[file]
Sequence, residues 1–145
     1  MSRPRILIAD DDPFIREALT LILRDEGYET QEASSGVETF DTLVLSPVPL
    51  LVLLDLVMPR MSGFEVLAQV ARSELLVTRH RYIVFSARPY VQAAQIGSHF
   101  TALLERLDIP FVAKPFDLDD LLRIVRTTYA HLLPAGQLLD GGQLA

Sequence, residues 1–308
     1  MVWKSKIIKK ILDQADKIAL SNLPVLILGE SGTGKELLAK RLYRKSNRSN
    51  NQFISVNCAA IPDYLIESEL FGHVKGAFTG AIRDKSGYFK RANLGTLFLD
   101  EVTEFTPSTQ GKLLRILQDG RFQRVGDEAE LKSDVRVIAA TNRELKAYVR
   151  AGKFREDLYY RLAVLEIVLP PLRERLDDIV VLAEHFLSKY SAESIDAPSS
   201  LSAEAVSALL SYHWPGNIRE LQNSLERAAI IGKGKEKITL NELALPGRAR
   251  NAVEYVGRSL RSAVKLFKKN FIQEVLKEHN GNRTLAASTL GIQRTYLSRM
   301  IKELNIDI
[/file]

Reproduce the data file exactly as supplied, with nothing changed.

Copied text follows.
Sequence, residues 1–145
     1  MSRPRILIAD DDPFIREALT LILRDEGYET QEASSGVETF DTLVLSPVPL
    51  LVLLDLVMPR MSGFEVLAQV ARSELLVTRH RYIVFSARPY VQAAQIGSHF
   101  TALLERLDIP FVAKPFDLDD LLRIVRTTYA HLLPAGQLLD GGQLA

Sequence, residues 1–308
     1  MVWKSKIIKK ILDQADKIAL SNLPVLILGE SGTGKELLAK RLYRKSNRSN
    51  NQFISVNCAA IPDYLIESEL FGHVKGAFTG AIRDKSGYFK RANLGTLFLD
   101  EVTEFTPSTQ GKLLRILQDG RFQRVGDEAE LKSDVRVIAA TNRELKAYVR
   151  AGKFREDLYY RLAVLEIVLP PLRERLDDIV VLAEHFLSKY SAESIDAPSS
   201  LSAEAVSALL SYHWPGNIRE LQNSLERAAI IGKGKEKITL NELALPGRAR
   251  NAVEYVGRSL RSAVKLFKKN FIQEVLKEHN GNRTLAASTL GIQRTYLSRM
   301  IKELNIDI